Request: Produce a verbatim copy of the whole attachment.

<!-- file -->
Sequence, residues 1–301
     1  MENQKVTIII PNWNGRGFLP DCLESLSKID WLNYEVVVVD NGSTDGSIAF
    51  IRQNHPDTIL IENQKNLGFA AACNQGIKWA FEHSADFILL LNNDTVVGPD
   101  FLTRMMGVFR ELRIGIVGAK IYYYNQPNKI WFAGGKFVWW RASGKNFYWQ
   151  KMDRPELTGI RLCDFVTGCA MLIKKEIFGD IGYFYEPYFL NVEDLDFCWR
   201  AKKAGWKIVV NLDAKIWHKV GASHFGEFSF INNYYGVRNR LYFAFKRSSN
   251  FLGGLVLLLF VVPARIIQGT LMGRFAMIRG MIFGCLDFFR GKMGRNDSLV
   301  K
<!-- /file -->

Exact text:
Sequence, residues 1–301
     1  MENQKVTIII PNWNGRGFLP DCLESLSKID WLNYEVVVVD NGSTDGSIAF
    51  IRQNHPDTIL IENQKNLGFA AACNQGIKWA FEHSADFILL LNNDTVVGPD
   101  FLTRMMGVFR ELRIGIVGAK IYYYNQPNKI WFAGGKFVWW RASGKNFYWQ
   151  KMDRPELTGI RLCDFVTGCA MLIKKEIFGD IGYFYEPYFL NVEDLDFCWR
   201  AKKAGWKIVV NLDAKIWHKV GASHFGEFSF INNYYGVRNR LYFAFKRSSN
   251  FLGGLVLLLF VVPARIIQGT LMGRFAMIRG MIFGCLDFFR GKMGRNDSLV
   301  K